Monday, February 16, 2009

Email Behaviour - the root of all evil?

I was scooting around the web the other day looking for new thought on ‘email-as-problem’ and came across this Forbes article from October 2008 which I missed the first time around. Ross Mayfield describes ‘Email Hell’ and does a reasonable job of essaying a bunch of well known tactics to get to grips with the problem. However, he misses the fundamental problem by a country mile.


It is the design of email clients which have cognitively patterned their users to perceive the communication technology we call email as ‘send-receive-file’ (the name of this blog strangely enough).

We figured out there are two aspects to email management in the modern age that need addressing.

Solving the problem before email hits your Inbox.

(2) Managing the activity that results after an email has actually hit your Inbox.

Dealing with the before issue is really all about well documented and debated first generation solutions which, in essence, involve:

(a) An enterprise-wide social contract as to how email technology should be used within an organisation.

This can be reflected in an Email Code of Conduct (one page, maybe 10 points) endorsed by the Board of Directors crafted after taking in the views of key corporate stakeholders and constituencies.

(b) Common sense.

The elements of the internal social contract are positively adopted by the individual and then incrementally extended beyond the walls of the enterprise; using;

(c) Simple software tools:

Such as appended signatures detailing how you wish to transact via email; auto-completion of email subject lines with 'at-a-glance' understanding of what is being communicated therein and Action Required, Background Information, Closing Observations - type, ordered segments to outgoing emails which request activity of others.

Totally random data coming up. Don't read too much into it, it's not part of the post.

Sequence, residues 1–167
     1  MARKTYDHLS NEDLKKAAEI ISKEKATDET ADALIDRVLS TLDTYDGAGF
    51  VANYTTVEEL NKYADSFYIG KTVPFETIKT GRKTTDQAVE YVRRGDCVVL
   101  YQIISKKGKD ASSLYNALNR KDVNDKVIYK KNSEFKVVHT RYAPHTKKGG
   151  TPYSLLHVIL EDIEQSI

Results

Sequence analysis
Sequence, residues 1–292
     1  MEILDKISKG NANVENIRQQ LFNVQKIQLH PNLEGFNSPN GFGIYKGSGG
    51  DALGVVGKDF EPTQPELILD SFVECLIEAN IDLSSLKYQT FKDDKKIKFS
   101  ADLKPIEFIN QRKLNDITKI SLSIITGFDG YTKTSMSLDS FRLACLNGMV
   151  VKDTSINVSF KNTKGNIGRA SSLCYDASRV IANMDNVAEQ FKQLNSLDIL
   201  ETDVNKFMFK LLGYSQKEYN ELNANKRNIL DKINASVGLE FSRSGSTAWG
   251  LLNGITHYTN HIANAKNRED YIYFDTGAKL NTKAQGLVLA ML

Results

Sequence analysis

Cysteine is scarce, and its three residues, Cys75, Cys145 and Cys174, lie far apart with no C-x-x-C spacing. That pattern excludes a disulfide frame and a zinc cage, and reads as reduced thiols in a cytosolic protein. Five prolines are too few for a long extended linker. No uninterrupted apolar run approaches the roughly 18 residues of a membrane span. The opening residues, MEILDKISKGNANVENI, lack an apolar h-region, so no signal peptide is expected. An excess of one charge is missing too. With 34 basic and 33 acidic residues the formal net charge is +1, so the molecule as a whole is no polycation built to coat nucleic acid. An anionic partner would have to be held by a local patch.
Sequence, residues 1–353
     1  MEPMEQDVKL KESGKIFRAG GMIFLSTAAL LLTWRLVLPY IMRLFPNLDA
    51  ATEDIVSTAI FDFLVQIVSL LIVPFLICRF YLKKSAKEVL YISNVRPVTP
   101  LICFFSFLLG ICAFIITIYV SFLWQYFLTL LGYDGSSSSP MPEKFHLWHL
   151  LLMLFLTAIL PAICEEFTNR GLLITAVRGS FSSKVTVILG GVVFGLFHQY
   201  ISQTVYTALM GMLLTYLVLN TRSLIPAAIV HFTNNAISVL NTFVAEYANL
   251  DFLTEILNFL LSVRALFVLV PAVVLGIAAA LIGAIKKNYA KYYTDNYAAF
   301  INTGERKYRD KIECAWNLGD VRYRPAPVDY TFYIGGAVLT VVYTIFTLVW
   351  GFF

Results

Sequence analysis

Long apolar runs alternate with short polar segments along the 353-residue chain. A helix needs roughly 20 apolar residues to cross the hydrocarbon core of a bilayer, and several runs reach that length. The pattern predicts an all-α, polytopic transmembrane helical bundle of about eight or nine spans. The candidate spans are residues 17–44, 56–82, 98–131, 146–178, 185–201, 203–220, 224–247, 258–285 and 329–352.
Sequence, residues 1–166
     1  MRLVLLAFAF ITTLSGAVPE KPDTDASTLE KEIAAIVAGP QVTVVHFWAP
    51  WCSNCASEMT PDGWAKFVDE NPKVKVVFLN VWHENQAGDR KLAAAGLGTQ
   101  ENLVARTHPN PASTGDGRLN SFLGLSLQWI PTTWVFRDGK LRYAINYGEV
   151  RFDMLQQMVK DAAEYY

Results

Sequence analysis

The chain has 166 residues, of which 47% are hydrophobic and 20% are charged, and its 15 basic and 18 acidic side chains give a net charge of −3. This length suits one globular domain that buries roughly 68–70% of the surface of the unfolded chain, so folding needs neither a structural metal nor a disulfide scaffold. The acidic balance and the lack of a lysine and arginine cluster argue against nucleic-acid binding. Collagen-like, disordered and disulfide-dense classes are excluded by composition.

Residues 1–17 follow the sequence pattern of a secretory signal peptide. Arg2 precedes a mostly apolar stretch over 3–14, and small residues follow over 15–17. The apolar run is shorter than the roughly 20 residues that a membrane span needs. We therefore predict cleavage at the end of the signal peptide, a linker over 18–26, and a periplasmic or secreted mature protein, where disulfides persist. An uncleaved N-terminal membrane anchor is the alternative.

(d) A bit of training to give effect to the above:

Not much, it isn't rocket science: 4 or 5 hours is enough.

Solving the after issue is all about cognitive re-mapping of email technology users.

Consider: it took 70 years for the telephone to become a mainstream consumer technology, 15 years for the fax and 18 months for email. The essential design of email technologies (which have not significantly

changed since email arrived on the scene), has encouraged a cognitive mapping of Send-Receive-File in the people who use them (i.e. all of us).

This is a nonsense.

Even Bill Gates is on record as saying that email has spawned a generation of filing clerks

99.99% percent of all email messages carry no value after the content has been communicated. At the point of reading an email, it is what the reader needs to DO subsequently that becomes relevant. How is the resulting next action to be managed? What cognitive process should be followed to allow this next action to be achieved? How can the email technology be used to facilitate these facets?

The answer lies in the 4Ds: Ditch, Deal, Delegate, Decide.

Check out our one-minute overview of the 4D process.

Thus, the challenge is to cognitively remap email users:

OUT: Send-Receive-File IN: Ditch-Deal-Delegate-Decide

This is a people-focussed, not technology-focused, activity. Moving from the Send-Receive-File paradigm involves three things:

1) A new software environment which drives the 4Ds.

2) Low-impact, high-value learning to transition to the 4Ds, guided by the software.

3) Proof that real value is being created by having made this change.

In Orla, we have developed a program which ties this solution to the after issue all together. Using a simple software reconfiguration of Outlook (via a plug-in) and a total of no more than 4 hours of personal training in the corporate environment over the course of 21 days, the after issue can be readily and definitively solved. Through the use of the custom designed Tmail feature, Orla also provides the software tools needed to address the before issue too.

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